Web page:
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Lecture 7

Lecture 7 - Third World Politics

6 Pages

Political Science
Course Code
Modeste Mba Talla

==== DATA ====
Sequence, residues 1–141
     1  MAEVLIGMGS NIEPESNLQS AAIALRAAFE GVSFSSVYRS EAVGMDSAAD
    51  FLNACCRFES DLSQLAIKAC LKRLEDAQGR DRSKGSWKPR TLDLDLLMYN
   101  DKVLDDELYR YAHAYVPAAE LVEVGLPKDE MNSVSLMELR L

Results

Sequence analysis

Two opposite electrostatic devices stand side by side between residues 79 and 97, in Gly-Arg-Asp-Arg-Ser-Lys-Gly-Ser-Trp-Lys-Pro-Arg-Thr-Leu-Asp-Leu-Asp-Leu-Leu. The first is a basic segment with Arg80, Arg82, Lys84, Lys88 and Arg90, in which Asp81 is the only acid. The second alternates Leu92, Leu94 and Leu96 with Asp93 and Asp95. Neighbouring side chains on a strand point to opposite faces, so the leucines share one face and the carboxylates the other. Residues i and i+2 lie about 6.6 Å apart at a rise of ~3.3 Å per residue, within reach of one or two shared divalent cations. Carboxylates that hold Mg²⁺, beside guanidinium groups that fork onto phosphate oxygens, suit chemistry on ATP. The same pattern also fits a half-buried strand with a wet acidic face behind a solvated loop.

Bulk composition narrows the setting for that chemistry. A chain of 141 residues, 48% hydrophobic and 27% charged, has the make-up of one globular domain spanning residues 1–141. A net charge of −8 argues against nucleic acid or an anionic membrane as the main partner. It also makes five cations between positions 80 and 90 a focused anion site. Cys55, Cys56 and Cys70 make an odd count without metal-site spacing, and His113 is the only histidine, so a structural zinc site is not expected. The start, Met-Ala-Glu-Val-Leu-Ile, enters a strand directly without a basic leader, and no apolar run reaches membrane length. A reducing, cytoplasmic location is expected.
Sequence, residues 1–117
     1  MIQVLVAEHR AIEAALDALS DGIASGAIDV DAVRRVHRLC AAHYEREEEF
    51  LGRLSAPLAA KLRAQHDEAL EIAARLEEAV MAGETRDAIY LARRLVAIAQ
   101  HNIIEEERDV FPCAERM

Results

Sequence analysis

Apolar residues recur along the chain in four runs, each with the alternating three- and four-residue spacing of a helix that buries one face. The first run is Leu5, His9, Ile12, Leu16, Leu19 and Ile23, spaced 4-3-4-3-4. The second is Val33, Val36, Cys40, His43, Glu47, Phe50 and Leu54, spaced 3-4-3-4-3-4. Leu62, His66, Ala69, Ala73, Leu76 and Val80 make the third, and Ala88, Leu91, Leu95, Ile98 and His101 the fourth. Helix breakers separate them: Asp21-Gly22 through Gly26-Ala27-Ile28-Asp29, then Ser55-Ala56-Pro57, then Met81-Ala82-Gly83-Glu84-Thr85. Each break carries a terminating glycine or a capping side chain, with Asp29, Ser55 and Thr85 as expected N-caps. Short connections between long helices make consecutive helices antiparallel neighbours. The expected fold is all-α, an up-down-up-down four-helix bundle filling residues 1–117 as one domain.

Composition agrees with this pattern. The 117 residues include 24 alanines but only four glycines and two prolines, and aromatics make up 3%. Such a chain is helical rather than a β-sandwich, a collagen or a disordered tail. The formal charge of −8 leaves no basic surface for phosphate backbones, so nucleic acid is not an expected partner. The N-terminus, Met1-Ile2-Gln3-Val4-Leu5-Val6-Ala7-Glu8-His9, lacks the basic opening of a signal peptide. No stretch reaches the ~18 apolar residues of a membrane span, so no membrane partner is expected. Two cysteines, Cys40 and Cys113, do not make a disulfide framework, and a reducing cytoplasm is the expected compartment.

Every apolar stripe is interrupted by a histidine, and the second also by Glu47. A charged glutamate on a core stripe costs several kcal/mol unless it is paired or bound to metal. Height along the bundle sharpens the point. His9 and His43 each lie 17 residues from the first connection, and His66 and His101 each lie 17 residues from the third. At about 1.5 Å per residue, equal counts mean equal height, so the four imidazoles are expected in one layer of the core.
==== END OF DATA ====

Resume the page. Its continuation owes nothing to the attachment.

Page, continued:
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March 6, 2014 The Nature of Third World Politics: Fragmentation, Conflict, Ideologies, and Types of Authority I- Introduction • Were Third World leaders justified in centralizing their states and imposing one- party rule? • Why did local government and independent judiciaries not prosper inAfrica’s centralized states? • Was Third World personal rule an efficient form of government? • To what extent did Clientelism legitimate personal rule in post-colonialAfrica or developing countries? II-Legitimacy: Neo-patrimonialism, personal rule, and centralization ofAfrica states A- Centralization of theAfrican State • Aprocess whereby power is drained form civil society and “peripheral” institution of the state, and concentrated instead within the core executive • No rival source of power o Jacobin method of power distribution o Anglo countries are more federalist (centralized) • Limitations of opportunities for organized opposition • Absence of pluralism • Hegemony of executive B- The One-party state • The vast majority ofAfrican countries andAsian countries underwent a process of centralization, and each leader had their own set of justifications for the constitution amendments deployed • Where formal political mobilization is channeled through a single state- sponsored party • How do you explain this instauration of the one-party state C- The subordination of “peripheral” state institutions to the core executive • Third World executives retained a monopoly over decision-making • Accumulation of power in the executive branch, often in the office of the president or prime minister • Just as parties, legislatures and local government lost power to the executive • With this centralization of power in the hands of the core executive, in many senses, Third World states had reverted to the hierarchical, centralized, and autocratic model of government D- Neo-patrimonialism, personal rule • Neo-patrimonial rule: Where patrimonial rule is exercised through the remnants of legal-rational institutions. • Personal rule:Asystem of government where one individual, commanding the … • State often led by one dominant charismatic individual exercising personal rule • The leader is above the law by personal decree • Treat all political and administrative concerns of state as their own personal affairs • The state is their private property, and the act of ruling is quite arbitrary • Loyalty to the leader brings rewards • Clients are free to exploit their positions of authority, creating their own fiefdoms • Robert Jackson and Carl Rosberg prefer to use “personal rule” • Private interests are pursued within a political structure that has a legal- rational façade • State is the domain of the president-monarch E- The characteristics of personal rule • Third World personal rule can be characterized as authoritarian, arbitrary, ostentatious, and inefficient • This personalized political system has also created administration that is based on factions, rather than institutions and officials working together • Presidential-monarchs linked and their private and public interests, and many sought to display the wealth they had accumulated as a result of high office • Weber: Patrimonial leaders, neo-patrimonial autocrats may also “refuse to be bound by formal rules, even those that they made themselves” • State is the domain of the president-monarch • Personal rule is also arbitrary:Arbitrary rule replaces the rule of law • Factional competition rife within ruling elite • Relies on clientelism to generate legitimacy throughout society • Rules of the game were often changed • No potential challenger is permitted to gain a power base • Withholding of state resources from regions where dissidents drew their support • Protection of their own position and violence F- Clientelism • Alargely instrumental political relationship between individuals of higher socio-economic status (patrons) who use their influence and resources to provide protection or benefits, or both, for a person of lower status (the client) who reciprocates by offering general support and assistance to the patron • Arelation of exchange between unequals • Positions of power within the state and to generate relationships between powerful people and • Chain of patrols and clients – extends deep into society • Generates minimal levels of legitimacy Military intervention in African politics I- Military coups d’état • Acoup d’état involves the sudden, often violent overthrow of an existing government by a small group – in contrast to ‘revolutions’achieved by large numbers of people working f
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